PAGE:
Yesterday I migrated one of our TFS collections to VSTS using Microsoft's migration guide for moving from TFS to VSTS . I won’t lie, it was a pretty long process and it took a lot of going back and fourth to make sure I fully understood the guide which is a PDF 58 pages long. The guide comes with several checklists and things you need to check and prep before your migrations.
A very rough outline of what happens is that you run a check against your TFS using the tool provided to ensure everything is exportable, if there are problems you go about fixing them following suggestions from the tool and then running the check again until you are ready to go. Next you you will run a prep that will generate some files you will need to map your users across followed by making a database backup as a DACPAC package and entering your import invite codes (provided by Microsoft). These are then uploaded to an Azure storage account and you kick off the migration process which uses these assets to import your data into a brand new VSTS instance.
I won’t go into details about how to do the migration as this is covered in the guide, however I will highlight some things you should take into account before you migrate from TFS to VSTS which is done using a tool provided in the guide called the TFSMigrator.
You are going to have to make sure you have this in place or have at least thought about it. If you use Active Directory in your organisation a good thing to look at is replicating this to Azure, your migration is going to need this. If you are not using Active Directory but just accounts on the box as I did for this migration, you can easily map these across to Azure Active Directory accounts. If you have Office 365, then you already have access to an Azure Active Directory setup (depending on your subscription) and you can make use of this. The reason Azure directory is important, is that this is how VSTS will authenticate your users once you have migrated across to VSTS.
Even when doing a test migration as I did, you need to plan for some downtime. One of the reasons for this is that you will need to generate a DACPAC project of your TFS Collection. In order to do this you have to take the TFS Collection Offline and then detach it from TFS. If you have not done this before you may be put off by the ominous warnings from the TFS Admin Console asking you to tick a box stating you have made a backup of your TFS databases.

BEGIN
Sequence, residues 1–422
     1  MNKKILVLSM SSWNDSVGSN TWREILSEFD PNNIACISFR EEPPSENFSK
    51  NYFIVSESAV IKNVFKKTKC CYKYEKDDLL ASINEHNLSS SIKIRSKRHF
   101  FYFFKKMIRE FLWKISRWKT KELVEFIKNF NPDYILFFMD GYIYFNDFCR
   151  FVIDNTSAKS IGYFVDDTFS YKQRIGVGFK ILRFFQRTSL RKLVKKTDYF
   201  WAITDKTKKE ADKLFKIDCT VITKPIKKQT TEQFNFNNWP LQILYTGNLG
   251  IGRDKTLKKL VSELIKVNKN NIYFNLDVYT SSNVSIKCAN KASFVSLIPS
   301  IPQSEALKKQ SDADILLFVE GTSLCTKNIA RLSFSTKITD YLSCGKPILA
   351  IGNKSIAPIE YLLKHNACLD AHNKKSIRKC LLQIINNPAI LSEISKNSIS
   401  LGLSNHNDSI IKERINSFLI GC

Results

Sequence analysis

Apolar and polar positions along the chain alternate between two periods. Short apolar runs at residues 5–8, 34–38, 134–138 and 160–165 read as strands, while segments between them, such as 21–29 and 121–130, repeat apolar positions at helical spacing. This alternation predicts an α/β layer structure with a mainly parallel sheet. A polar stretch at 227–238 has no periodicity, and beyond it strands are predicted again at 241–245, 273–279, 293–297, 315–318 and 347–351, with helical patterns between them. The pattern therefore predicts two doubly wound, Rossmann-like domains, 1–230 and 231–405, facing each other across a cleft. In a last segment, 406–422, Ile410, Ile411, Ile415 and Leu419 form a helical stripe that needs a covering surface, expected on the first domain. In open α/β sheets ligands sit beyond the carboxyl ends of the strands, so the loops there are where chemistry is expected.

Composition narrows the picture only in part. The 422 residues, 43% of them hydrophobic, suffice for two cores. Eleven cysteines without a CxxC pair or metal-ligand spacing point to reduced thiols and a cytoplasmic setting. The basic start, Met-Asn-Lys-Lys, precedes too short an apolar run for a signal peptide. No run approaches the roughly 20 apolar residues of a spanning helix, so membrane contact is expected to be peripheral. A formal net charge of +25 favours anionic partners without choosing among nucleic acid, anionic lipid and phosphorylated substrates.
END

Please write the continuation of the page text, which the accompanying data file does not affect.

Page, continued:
After you have detached your TFS Collection and made a DACPAC of it, you can then reattach your collection so your team can continue working as usual.
Yes I had never used one before. The guide will give you some details with a sample command line to use to create one. Effectively DACPACs are short for Data-tier Application Package. These are generated from SQL Server itself. It is basically a way of exporting your whole TFS Collection database with everything that it needs to be re-created. “tables, views, and instance objects, including logins – associated with a user’s database”. The DACPAC package will be uploaded to an Azure storage blob that the migration tool uses.
While I have used Azure Storage Accounts before , I found this part quite complicated and it took me a while to get it right. Basically the DACPAC package your create from your TFS Collection database gets uploaded to an Azure Storage account along with a mapping file for user accounts. The hardest part I found was having to workout how to create an SAS token URL to the where I had stored these in an Azure storage account. The guide will provide you with a link to some PowerShell you can sue that will generate this URL for you. I am not sure why Azure couldn’t create this link for you (I did try) but eventually used the PowerShell provided that worked first time.
Make sure you have the Azure PowerShell tools installed, you will need these for running some PowerShell to generate an SAS token url to your Azure Storage account (see above).
I would recommend reading the guide fully before getting started. Also note that currently you have to request an import code in order to use the service. You will get two of these, one is for a dry run to ensure it works and the next one is for your production import. This is when you are fully committed and feel confident it all went to plan in the dry run.
Email Rory Street
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